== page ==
Former councillor Marina Plain said she was “skeptical” of the Ineos announcement, saying that when one company closes down, another always “pops up.”

Click to play video: 'Ontario takes action against chemical plant after First Nation members fall ill'
Ontario takes action against chemical plant after First Nation members fall ill

“I’m a little bit of a pessimist when it comes to the promises that the industry makes to us,” Plain said. “Nobody ever really just closes. Not around here with the industry, anyway.

“I’ve seen a lot of promises and commitments from industry and it’s never really panned out to our benefit.”

On June 3, Ontario introduced limits that would cap the Ineos plant’s average benzene emissions at 4.5 micrograms per cubic metre (ug/m3) annually, and one-hour average limits at 90 micrograms per cubic metre. The 4.5 annual limit is actually 10 times higher than the province’s current yearly average limits for benzene, which are set at 0.45 ug/m3.

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Benzene is a byproduct of the fuel refining process that Ineos uses to produce styrene needed to manufacture auto parts, electronics and medical appliances.

The chemical can cause symptoms such as dizziness and headaches following short-term exposures. In long-term exposures it can cause cancers such as leukemia.

The provincial regulations came shortly after Steven Guilbeault, minister of environment and climate change of Canada, issued an order under the Canadian Environmental Protection Act which would compel companies to take action if high levels of benzene were detected between March 1, 2023 and Feb. 29, 2024.

Minister Guilbeault said Tuesday that while protecting air quality and the health of Canadians is a priority, his “thoughts are also with the affected workers.”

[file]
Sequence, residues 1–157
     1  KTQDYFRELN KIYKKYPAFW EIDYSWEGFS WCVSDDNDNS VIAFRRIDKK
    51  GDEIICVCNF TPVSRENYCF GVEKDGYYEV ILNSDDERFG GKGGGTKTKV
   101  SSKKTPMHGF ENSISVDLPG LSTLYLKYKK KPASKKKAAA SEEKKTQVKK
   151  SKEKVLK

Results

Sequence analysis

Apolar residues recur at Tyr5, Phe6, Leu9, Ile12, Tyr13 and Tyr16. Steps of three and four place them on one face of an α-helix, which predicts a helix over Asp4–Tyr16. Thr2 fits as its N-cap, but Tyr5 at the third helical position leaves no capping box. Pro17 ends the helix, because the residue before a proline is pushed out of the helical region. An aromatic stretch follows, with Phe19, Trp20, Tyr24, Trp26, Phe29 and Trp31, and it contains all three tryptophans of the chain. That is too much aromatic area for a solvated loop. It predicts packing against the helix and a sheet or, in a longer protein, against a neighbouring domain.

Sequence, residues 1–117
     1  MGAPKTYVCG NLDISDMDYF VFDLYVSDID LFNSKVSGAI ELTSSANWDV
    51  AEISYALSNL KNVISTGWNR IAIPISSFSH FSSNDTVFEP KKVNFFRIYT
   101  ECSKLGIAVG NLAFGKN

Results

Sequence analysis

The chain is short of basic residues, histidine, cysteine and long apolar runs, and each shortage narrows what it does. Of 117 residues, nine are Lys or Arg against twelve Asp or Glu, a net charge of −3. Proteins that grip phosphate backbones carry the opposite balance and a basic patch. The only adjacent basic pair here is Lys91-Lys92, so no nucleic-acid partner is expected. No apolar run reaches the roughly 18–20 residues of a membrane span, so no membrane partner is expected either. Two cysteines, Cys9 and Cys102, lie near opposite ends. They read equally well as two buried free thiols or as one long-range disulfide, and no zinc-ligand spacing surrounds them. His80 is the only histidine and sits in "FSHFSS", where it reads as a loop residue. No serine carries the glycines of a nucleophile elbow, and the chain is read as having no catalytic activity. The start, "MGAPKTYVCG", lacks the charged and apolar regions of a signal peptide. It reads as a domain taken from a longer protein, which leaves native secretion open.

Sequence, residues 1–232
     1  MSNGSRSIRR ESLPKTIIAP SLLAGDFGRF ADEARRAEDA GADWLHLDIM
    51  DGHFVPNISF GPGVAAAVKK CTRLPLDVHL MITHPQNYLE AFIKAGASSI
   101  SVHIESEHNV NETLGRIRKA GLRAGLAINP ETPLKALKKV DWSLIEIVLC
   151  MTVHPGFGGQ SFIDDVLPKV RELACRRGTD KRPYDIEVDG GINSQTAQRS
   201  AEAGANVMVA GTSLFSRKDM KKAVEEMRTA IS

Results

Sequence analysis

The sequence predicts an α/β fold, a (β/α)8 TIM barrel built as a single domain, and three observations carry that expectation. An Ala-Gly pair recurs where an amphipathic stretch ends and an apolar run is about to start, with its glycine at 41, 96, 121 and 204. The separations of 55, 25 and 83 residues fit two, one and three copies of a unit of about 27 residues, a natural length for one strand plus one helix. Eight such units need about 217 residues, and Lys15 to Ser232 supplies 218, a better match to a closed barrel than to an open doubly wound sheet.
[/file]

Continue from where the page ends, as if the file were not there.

“We issued an emergency order after the province of Ontario issued four emergency orders in the last four years to ensure INEOS cleans up their act,” the minister said in a statement. “To poison a community, that’s unacceptable.”

Click to play video: 'Ont. chemical plant temporarily shuts down after residents get sick'
Ont. chemical plant temporarily shuts down after residents get sick

In a statement last week, Ineos said it has consistently operated within regulatory standards, and that the new limits have been imposed without “consultation, justification or due process.”

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Ineos said the federal and provincial environment ministries are demanding unsafe timelines that would contribute to higher emissions.

“We will not jeopardize the safety of our employees, neighbours, and community,” the company wrote in a statement.  “Despite our history of compliance, our company is being relentlessly targeted by Canadian Government agencies.”

For members of Aamjiwnaang First Nation, the fight for a clean and sustainable environment will continue, Rosales said.

“They’re only one facility of some 60-plus facilities that are around us,” she said. “The fight is not over.”

— with files from The Canadian Press